There’s this book that I was really into a few years ago called The Mantra of Efficiency: From Waterwheel to Social Control, which talked about how efficiency has become this real value, and how everything was trying to be frictionless. I think that maybe what I’m feeling is the quality of this new decade, which is the opposite of that: there’s a lot of friction. In this book, the author, Jennifer Alexander, suggests thickening the machine so it’s less friction. I feel like that has happened without any concerted effort – it’s all got kind of ‘gooed up’. Friction doesn’t have to be a bad thing, though, it’s just a quality of people being next to each other.
You’ve repeatedly worked with film in the past and there are three new video works in this show. What is it about film as a medium that draws you to it?
Martine Syms: Probably that I get to play with the sense of time. That’s what I’ve always loved about making films: you get to bridge time and space in a way. Real time in a film or movie or video feels so long and I like that you can manipulate it.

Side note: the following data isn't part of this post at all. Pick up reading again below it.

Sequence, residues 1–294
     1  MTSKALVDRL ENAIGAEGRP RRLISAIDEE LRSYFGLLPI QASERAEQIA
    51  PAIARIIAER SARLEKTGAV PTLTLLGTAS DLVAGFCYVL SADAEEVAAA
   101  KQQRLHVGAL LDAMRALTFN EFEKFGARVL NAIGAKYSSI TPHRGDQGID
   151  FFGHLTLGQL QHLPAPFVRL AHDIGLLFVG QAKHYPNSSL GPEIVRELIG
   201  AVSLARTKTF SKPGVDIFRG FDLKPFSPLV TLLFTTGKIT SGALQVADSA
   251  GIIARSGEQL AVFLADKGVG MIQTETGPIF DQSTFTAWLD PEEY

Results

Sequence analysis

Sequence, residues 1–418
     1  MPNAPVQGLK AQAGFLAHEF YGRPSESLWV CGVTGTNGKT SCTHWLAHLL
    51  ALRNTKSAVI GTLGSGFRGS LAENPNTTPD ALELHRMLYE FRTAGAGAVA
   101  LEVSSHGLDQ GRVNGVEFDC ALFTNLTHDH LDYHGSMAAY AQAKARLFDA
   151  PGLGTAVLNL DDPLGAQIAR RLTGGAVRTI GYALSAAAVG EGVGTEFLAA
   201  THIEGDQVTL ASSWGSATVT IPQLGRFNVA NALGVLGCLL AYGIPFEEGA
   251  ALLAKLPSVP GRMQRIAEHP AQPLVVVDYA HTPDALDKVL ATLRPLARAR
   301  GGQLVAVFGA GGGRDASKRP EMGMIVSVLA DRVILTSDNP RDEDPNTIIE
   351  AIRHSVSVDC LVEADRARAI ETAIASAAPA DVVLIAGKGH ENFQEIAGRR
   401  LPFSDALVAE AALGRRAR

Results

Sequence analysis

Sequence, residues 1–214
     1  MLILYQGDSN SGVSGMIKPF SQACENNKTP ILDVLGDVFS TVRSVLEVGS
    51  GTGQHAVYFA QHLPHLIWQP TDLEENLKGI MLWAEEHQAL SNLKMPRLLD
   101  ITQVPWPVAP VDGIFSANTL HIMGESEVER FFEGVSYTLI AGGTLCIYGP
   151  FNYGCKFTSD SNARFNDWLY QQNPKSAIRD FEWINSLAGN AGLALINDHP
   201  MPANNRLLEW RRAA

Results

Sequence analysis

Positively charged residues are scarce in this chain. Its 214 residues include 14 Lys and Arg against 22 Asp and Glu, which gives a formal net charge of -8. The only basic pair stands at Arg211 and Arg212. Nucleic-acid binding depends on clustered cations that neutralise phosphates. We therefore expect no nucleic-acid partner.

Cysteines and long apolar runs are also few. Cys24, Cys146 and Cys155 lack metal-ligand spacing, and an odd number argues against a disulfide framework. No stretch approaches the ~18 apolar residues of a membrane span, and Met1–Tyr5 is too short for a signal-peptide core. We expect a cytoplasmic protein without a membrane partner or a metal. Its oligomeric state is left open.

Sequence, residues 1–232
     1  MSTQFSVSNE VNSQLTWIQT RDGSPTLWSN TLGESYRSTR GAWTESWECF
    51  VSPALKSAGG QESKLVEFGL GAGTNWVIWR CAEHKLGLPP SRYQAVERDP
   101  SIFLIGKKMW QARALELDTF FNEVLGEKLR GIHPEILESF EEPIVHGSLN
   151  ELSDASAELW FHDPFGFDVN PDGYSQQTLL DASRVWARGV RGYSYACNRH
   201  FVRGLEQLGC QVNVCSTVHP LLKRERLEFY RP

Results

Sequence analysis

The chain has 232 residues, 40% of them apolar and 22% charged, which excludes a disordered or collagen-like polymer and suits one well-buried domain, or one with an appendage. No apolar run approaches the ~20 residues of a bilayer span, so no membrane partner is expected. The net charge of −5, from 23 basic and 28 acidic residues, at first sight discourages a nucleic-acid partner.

Also, filmmaking touches on everything that Iove: shooting, editing, writing and putting together all these different things. It feels really natural to me, I don’t overthink it.
Please can you talk me through the three new videos in Present Goo?
Martine Syms: The first one, Sicks, uses a monologue from As You Like It. It’s me reciting a monologue at its core. It’s about someone encountering this vagrant figure, who tells them essentially, about life and how every hour we get closer to death, and that’s part of life. And then the character is like, ‘oh, what an idiot. He doesn’t know what he’s talking about.’ And I sort of use that as the setup for the other things that I’m thinking about.
There’s also this voiceover that articulates a series of wants: ‘I want to be loved, I want to be feared, I want to be admired.’ And that’s from this exercise in drama school: we were taking a character study class and to enhance your monologue you had to choose three ‘wants’.
The monologue I was doing was from Slave Play by Jeremy O. Harris. It made me think about how desire becomes this kind of driver and anxiety for us. You’re constantly thinking ‘I want this, I want this.’ But also that desire is not the most important thing. The second film is called Steven – my dad’s name – it’s more frenetic and the pacing increases, and the third is called Ate. They’re all about just acknowledging that there’s more than your individual desire.